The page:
James Hillman’s Archetypal Psychology
Upon first hearing the term “Archetypal Psychology”, one would be inclined to believe that it’s related to the archetypes introduced by Carl Gustav Jung. Although inspired by his works, James Hillman’s Archetypal Psychology has important deviations from Analytical Psychology.
Before delving into Jung’s depth psychology, James Hillman was a student of English Literature at Paris Sorbonne University as well as Mental and Moral Science at Dublin Trinity College. He received his postgraduate doctoral degree from the University of Zurich. After acquiring his analyst diploma from C.G. Jung Institute, he then served as its director of studies for 10 years. Trained in Jungian thought and practice, Hillman did not just accept the principles taught at the institute. He would construct his own version of depth psychology, borrowing from Jung’s framework while criticizing it (Butler, 2014).
It is because of Hillman’s unique stance that embodies and at the same time rejects Jung’s tenets that make him one of the most well-known post-Jungian thinkers. Compared to other writers inspired by the works of Carl Gustav Jung, Hillman’s work has not only gained attention in the academe but in other disciplines as well (Slater, 2012). His ideas have spread far and wide across the globe due to the numerous translations of his writings.
In the span of his 50-year long career, Hillman’s message is the same across all his works: to bring emphasis to the “soul” (Butler, 2014). His writings are a response to how psychology has become more rigid; prioritizing explanation rather than the understanding of the soul (Avens, 1980). As a result of this rigidity, it is left out from its own dedicated field of study. The goal of Archetypal Psychology is to turn psychology’s focus back to the psyche.
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What Hillman means by psyche or soul is the “imaginative possibility of our nature, the experiencing through reflective speculation, dream, image, and fantasy – that mode which recognizes all realities as primarily symbolic or metaphorical” (as cited in Avens, 1980). It is not something that has a clear definition, nor can it be measured empirically. Hillman (1972) even goes on to say that the soul does not have strict boundaries. It is not necessarily trapped in just one body, nor does it matter which one. The psyche’s meaning and value are derived from a multitude of sources. The soul is meant to express the unknowable mysteries of life, how our psyche is connected to everything (Hillman & Moore, 1990). With Hillman’s intense regard for the psyche, Odajnyk (as cited in Tace, 2014) suggests that his body of work would be better called “imaginal psychology” than “archetypal” for the stress is on the imagination rather than the unconscious images of Jung’s archetypes.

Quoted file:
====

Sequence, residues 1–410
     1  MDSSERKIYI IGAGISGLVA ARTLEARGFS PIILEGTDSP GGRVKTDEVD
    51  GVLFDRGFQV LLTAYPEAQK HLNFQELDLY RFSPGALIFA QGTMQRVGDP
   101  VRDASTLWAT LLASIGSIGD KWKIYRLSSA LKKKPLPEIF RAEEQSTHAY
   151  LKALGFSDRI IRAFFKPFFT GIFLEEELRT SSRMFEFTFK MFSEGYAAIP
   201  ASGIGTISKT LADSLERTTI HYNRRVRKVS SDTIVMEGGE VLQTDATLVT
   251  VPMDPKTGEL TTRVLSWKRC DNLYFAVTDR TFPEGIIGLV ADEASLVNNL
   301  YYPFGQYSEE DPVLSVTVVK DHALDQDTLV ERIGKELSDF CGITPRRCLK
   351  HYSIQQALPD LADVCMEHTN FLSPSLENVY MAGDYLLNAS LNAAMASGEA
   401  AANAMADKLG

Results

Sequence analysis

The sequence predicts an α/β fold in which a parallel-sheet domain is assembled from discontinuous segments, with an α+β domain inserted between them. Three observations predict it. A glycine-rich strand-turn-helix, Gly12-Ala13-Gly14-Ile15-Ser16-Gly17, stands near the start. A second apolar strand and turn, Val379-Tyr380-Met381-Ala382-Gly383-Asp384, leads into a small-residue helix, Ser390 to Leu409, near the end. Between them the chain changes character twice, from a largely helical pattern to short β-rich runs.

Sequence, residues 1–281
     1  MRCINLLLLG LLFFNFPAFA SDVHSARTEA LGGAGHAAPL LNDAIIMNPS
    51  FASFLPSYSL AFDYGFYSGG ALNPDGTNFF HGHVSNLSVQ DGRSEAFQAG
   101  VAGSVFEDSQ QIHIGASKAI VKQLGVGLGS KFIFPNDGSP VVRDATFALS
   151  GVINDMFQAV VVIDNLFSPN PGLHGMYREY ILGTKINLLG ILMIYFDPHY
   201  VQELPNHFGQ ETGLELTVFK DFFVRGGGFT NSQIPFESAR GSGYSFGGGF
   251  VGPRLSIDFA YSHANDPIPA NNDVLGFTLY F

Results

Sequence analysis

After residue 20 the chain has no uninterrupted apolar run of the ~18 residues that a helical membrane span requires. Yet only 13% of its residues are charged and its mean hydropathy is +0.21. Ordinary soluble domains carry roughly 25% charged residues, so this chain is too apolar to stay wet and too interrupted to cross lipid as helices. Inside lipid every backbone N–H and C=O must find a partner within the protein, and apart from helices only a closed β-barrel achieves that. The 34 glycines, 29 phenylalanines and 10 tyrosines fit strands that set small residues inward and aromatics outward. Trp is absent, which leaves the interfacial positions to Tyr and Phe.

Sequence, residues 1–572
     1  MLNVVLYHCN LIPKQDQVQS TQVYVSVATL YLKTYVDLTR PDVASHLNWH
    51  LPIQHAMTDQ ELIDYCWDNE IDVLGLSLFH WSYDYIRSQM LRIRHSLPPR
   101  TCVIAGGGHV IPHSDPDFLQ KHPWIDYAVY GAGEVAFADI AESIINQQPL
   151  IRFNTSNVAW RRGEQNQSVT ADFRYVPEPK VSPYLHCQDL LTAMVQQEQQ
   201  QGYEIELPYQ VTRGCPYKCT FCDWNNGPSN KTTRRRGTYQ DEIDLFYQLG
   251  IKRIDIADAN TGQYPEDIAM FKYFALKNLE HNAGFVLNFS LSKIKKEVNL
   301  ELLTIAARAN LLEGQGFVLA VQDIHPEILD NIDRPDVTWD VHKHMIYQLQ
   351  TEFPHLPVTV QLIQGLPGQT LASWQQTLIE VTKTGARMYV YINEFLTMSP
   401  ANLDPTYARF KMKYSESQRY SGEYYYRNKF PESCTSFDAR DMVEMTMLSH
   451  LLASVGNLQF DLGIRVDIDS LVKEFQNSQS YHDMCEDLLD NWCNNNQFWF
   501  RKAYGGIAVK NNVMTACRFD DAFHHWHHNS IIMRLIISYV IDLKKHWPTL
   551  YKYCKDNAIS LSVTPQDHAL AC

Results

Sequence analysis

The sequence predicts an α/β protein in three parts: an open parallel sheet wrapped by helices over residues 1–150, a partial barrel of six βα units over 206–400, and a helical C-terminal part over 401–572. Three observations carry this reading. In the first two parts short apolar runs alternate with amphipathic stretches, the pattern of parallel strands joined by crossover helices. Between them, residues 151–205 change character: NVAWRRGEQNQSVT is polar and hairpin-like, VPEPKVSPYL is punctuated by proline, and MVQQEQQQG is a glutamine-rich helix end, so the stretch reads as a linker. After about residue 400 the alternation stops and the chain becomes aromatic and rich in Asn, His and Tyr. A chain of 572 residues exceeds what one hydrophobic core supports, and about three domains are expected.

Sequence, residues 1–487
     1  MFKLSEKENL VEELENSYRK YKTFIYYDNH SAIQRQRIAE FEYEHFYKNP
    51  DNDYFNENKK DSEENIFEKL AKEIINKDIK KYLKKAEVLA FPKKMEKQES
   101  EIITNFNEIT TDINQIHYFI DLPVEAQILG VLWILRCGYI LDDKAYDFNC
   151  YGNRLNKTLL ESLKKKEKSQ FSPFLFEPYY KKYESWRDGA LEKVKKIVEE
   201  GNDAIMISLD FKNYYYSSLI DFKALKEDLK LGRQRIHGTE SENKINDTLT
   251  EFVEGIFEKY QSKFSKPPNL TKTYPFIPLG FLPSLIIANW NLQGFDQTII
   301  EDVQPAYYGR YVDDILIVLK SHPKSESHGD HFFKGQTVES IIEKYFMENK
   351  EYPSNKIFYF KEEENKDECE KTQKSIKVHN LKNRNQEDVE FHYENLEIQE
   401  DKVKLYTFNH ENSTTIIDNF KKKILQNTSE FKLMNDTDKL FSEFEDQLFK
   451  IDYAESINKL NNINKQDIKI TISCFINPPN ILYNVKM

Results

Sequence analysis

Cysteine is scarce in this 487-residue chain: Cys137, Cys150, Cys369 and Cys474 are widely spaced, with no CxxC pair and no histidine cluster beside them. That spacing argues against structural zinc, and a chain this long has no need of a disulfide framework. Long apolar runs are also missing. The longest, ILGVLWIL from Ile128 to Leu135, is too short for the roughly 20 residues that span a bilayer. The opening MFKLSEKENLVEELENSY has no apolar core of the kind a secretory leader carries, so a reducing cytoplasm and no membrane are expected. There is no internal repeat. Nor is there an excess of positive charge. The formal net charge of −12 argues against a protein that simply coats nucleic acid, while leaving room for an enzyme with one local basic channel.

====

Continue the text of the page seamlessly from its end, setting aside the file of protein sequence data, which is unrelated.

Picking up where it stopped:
Unlike most depth psychologies, the aim of Archetypal Psychology is not to bridge the conscious and unconscious. It is not concerned with reconciling the outside, physical world with our inner, reflective self. This is a stark contrast to Jung’s individuation which seeks to integrate the unconscious into consciousness. For Hillman, there is no division in the first place (Slater, 2012). Instead, what matters is soul-making, engagement with the images of our psyche. Indeed, Hillman agrees with Jung that “image is psyche”. According to both thinkers, images are fully meaningful in and of themselves (Avens, 1980). They are not two-dimensional objects limited to visual or auditory perception. Images can be thought of as photographs but this creates distance as opposed to when we think of images as scenes or mood (Hillman, 1978). As scenes or moods, we are more immersed in experiencing them—allowing it to affect us and vice versa. Images should not be taken literally or symbolically as Freud does. For Freud, images hold meaning because they symbolize messages of repressed sexuality (Avens, 1980). Hillman argues that there is value in the image itself. Avens (1980, p. 258) further elaborates on this by explaining that “images are not in the psyche as in a container but are the psyche. In other words, images mirror the psyche just as it is – as constantly imagining.” Archetypal psychology switches the importance of the unconscious to the imagination (Butler, 2014).